Last week I had the luck to meet two climate change heroes: scientists who for decades have steadily been researching and publishing the data that shows we are warming the Earth to levels unprecedented in human history. The good news is most Americans are finally waking up to our new reality. The bad news, I’m sorry to say, is that the more climate scientists learn, the more dire their predictions become. And unless climate communicators are careful, most sensible people will have the same reaction I did as my heart sank at Dr. Harold Wanless’ maps showing South Florida disappearing underwater in 80 years. My instincts told me to run out the door, gather my friends and party like there’s no tomorrow – because it’s going to get bad before it gets worse. So if you are in the business of communicating about climate, here’s how to leverage behavioral science to stave off that ostrich effect and empower people to take action.
Match urgency with agency. Dr. Michael Mann, whose famous 1999 hockey stick graph sparked the first broad-scale discussions about human-caused climate change and led climate deniers to launch virulent attacks against him for years, keynoted the CLEO Institute’s Empowering Capable Climate Communicators Symposium in Miami last week. As he laid out a history of climate science that stretches back two centuries, he also emphasized the need to equip people to take action. We can’t just warn people about the problem and leave them to despair. We need to give them tools to do something about it.
Humble heroes. I was honored to meet Dr. Michael Mann (in the yellow shirt, with me and my husband) and Dr. Harold Wanless at the CLEO Institute symposium. Both are scientists first and foremost. But their data point to dark predictions they feel morally obligated to share.
Get mad. We want people to fight, not take flight. Make sure your communications are not all doom and gloom because fear puts us in defensive mode where we want to hunker down in our caves. Use the science of stories to help people script their own personal epic narrative. We’ve been purposely fooled into complacency over the last two decades by people who are profiting off the status quo. It’s time to fight back, with a vengeance.
Think big. Yes, you should eat leftovers and change your light bulbs to LEDs. But as Susan Windmiller of the League of Women Voters Miami-Dade noted at the CLEO symposium, climate change is a big problem that needs big solutions. And that means policy change, which requires collective action. So encourage people to join something. Write their legislators. And for goodness sake, vote.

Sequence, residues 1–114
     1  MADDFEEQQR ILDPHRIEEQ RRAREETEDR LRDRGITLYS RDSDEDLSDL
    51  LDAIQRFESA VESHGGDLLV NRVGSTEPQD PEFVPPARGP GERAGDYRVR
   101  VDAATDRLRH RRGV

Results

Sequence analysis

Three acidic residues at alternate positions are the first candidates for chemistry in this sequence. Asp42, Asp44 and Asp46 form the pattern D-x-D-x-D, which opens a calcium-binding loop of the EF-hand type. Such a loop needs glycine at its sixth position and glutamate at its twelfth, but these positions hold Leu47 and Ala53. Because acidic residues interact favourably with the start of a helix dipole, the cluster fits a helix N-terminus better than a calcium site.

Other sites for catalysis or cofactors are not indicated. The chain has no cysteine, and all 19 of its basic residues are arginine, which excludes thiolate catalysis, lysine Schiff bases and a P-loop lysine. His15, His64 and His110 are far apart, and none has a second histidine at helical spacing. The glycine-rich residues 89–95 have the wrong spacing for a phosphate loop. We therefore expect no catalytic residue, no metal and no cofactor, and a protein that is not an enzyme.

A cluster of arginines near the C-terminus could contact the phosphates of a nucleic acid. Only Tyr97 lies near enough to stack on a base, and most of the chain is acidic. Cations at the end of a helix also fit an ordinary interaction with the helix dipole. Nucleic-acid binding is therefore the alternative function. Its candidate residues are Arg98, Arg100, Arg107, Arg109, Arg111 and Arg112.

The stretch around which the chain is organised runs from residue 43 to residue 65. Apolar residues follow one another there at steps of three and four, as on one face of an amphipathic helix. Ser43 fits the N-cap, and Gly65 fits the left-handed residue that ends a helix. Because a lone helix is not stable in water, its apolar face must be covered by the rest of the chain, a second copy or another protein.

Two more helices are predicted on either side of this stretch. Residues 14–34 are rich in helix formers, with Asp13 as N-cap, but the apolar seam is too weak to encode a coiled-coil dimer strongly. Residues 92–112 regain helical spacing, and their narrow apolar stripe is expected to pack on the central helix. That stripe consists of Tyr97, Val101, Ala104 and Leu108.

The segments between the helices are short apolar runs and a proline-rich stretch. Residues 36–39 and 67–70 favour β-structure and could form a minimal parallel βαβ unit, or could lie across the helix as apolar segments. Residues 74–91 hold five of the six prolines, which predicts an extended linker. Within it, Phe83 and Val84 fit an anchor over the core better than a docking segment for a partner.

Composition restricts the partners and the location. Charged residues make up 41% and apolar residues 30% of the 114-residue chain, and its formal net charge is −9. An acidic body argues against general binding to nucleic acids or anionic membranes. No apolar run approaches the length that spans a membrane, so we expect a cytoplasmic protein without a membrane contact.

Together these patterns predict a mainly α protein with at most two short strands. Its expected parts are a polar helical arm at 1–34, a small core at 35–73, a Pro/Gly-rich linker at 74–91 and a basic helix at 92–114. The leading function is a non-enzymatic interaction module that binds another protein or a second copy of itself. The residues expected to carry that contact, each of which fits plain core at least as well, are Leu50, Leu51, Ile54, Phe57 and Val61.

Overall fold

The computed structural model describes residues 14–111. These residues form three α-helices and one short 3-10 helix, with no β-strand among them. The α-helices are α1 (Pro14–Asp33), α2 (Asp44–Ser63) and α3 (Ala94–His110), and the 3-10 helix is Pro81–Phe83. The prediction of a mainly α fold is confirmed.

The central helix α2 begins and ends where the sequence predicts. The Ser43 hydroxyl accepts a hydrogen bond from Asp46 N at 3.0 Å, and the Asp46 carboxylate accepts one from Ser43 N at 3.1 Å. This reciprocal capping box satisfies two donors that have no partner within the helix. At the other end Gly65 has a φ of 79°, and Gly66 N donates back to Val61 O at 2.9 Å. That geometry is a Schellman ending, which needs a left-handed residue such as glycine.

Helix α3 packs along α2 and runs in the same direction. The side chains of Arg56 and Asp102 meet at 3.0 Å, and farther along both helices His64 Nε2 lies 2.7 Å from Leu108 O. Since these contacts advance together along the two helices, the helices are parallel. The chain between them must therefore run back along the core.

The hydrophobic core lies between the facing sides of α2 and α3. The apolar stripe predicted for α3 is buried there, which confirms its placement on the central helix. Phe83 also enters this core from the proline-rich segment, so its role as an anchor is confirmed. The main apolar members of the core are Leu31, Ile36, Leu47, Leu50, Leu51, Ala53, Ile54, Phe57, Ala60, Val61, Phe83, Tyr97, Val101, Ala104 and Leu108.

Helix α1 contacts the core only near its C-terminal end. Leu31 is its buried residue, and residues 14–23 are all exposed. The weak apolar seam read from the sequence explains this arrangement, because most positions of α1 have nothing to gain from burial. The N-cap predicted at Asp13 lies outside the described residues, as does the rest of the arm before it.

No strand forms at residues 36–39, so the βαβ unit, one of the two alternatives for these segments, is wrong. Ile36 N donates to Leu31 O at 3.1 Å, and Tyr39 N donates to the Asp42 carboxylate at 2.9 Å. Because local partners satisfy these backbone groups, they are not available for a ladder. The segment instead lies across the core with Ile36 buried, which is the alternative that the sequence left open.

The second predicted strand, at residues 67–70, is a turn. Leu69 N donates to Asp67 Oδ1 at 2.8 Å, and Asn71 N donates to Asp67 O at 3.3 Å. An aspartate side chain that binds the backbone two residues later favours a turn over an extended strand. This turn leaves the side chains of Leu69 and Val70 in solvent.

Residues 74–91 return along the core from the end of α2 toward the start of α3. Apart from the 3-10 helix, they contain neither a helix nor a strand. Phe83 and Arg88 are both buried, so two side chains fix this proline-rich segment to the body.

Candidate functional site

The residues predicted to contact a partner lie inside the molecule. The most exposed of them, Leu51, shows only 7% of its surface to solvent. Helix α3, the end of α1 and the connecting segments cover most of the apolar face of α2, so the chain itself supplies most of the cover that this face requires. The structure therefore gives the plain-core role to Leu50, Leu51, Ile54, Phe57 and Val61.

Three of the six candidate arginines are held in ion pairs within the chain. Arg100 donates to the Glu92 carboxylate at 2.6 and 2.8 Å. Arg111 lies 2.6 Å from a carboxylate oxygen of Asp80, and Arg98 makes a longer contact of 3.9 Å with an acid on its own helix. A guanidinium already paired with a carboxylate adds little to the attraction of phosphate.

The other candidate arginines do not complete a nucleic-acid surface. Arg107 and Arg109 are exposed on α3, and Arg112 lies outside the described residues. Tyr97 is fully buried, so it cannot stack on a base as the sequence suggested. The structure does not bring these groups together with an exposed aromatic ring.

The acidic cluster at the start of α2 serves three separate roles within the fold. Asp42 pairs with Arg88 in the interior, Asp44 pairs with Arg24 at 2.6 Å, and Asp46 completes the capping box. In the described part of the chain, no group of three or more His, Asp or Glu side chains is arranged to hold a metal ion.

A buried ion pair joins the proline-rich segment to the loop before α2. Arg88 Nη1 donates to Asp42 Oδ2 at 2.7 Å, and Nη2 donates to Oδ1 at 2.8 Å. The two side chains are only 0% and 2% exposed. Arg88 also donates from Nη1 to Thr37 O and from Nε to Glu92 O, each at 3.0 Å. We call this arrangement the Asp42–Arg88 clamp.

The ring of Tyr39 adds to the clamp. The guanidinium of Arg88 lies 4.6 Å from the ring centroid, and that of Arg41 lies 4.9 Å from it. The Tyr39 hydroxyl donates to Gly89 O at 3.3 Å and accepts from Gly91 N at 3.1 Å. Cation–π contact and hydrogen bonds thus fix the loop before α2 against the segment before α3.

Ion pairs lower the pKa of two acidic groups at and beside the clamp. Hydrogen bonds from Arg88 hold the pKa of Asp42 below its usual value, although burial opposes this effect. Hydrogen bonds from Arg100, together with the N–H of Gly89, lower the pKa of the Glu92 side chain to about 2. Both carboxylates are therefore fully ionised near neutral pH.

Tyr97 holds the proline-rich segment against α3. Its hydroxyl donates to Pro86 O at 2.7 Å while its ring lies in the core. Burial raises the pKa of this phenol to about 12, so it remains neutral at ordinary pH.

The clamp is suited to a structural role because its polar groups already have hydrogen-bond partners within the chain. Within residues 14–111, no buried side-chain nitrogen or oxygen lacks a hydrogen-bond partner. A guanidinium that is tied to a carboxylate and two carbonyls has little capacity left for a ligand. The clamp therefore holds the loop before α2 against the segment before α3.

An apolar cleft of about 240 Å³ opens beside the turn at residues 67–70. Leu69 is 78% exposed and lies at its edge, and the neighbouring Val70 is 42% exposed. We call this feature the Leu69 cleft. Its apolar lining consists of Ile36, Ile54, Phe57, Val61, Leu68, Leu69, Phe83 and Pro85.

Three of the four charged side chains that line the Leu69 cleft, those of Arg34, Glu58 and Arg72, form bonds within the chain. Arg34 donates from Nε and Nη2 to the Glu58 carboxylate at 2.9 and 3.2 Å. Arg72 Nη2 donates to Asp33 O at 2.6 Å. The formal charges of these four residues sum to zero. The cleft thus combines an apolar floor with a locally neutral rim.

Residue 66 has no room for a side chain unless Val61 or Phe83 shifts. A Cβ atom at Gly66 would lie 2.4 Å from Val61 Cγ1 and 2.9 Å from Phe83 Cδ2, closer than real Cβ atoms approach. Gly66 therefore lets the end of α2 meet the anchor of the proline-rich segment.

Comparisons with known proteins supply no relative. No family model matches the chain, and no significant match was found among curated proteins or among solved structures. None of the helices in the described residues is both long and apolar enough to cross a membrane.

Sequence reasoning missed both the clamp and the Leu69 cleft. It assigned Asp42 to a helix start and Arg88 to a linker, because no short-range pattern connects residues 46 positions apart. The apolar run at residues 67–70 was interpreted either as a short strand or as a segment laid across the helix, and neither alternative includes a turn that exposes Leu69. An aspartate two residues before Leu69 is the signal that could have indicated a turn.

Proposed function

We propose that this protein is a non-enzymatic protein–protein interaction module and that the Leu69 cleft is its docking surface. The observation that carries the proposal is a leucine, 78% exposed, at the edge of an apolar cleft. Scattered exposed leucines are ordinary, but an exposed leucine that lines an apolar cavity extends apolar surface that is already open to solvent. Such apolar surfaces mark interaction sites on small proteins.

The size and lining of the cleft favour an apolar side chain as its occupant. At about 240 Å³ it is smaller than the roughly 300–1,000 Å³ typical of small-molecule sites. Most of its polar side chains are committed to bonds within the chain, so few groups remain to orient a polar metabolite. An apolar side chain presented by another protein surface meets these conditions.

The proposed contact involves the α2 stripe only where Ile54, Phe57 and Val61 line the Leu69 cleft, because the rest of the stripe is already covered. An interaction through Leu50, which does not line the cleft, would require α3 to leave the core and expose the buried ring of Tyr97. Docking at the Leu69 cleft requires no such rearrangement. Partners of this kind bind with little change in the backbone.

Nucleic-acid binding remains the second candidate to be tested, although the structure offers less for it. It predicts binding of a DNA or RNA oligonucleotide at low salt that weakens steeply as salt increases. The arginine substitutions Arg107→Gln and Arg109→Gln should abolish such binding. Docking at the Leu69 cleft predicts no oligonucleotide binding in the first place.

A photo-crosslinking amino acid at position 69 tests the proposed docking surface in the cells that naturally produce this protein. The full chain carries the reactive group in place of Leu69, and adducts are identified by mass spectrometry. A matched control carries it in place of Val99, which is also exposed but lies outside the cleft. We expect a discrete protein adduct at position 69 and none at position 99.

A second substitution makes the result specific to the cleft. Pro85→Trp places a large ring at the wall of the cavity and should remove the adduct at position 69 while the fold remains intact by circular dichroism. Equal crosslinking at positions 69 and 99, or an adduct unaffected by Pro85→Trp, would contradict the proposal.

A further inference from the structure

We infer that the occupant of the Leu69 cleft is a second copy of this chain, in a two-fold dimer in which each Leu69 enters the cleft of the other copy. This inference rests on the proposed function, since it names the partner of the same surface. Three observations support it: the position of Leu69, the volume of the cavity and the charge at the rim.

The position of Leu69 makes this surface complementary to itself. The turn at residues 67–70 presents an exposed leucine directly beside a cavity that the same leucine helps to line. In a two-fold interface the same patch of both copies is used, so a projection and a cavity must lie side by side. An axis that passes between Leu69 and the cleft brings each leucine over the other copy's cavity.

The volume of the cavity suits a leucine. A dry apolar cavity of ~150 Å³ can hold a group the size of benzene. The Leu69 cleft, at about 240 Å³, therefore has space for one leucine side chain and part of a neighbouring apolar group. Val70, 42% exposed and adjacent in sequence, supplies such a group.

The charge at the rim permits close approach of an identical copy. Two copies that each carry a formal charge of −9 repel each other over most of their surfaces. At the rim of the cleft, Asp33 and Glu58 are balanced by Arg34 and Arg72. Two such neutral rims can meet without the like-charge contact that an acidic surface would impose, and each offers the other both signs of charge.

Think big, Part 2. In South Florida, sustainability isn’t aspirational — it’s already about survival. But as cities install half billion dollar pump systems, raise their roads and sea walls, and consider building new homes and buildings on stilts, some people are questioning the entire paradigm. At what point do sustainability measures become fiddling while Rome burns? Dr. Wanless’ models, which include slowing of the Gulf Stream, accelerated melting of the world’s ice sheets, and the resulting loss of gravitational pull, makes the U.S. government’s official worst case scenarios — 8 feet by 2100 — look like the best case. That means in just a few decades, vulnerable cities may need to begin thinking not about how to stay, but about how to leave. Municipalities will need to take action to prevent toxic waste— at garbage dumps, nuclear plants and coal ash pits— from being inundated by the ocean, where it would be dispersed around the globe. And inland cities shouldn’t feel complacent because South Florida’s 6 million residents— along with coastal residents around the United States— will need somewhere new to live. For those who are counting on breakthrough technology to pull carbon from the air, Dr. Wanless notes that over half of the excess heat since 1971 has been absorbed by the ocean.
It’s time to think really big, right now. We need a moonshot for climate.
Have that party after all — but make it about change. After the 2016 elections elevated climate denial at the federal level, I started a community climate action coalition because I, personally, felt an urgent need to do something. (You can see my 15 seconds of fame in the National Geographic documentary Paris to Pittsburgh) I gathered my friends, who gathered their friends, and within a few months we succeeded in getting a unanimous commitment from the Orlando City Council to transition to 100% clean energy by 2050. As the jubilant, standing-room-only crowd poured from the council chambers, a woman I didn’t know turned to me and said, “I needed that win.” Yep. Me, too.
So go ahead and party. But with a purpose. Because we have some work to do.
Sara is Principal + Director of Strategy and Planning at Marketing for Change.
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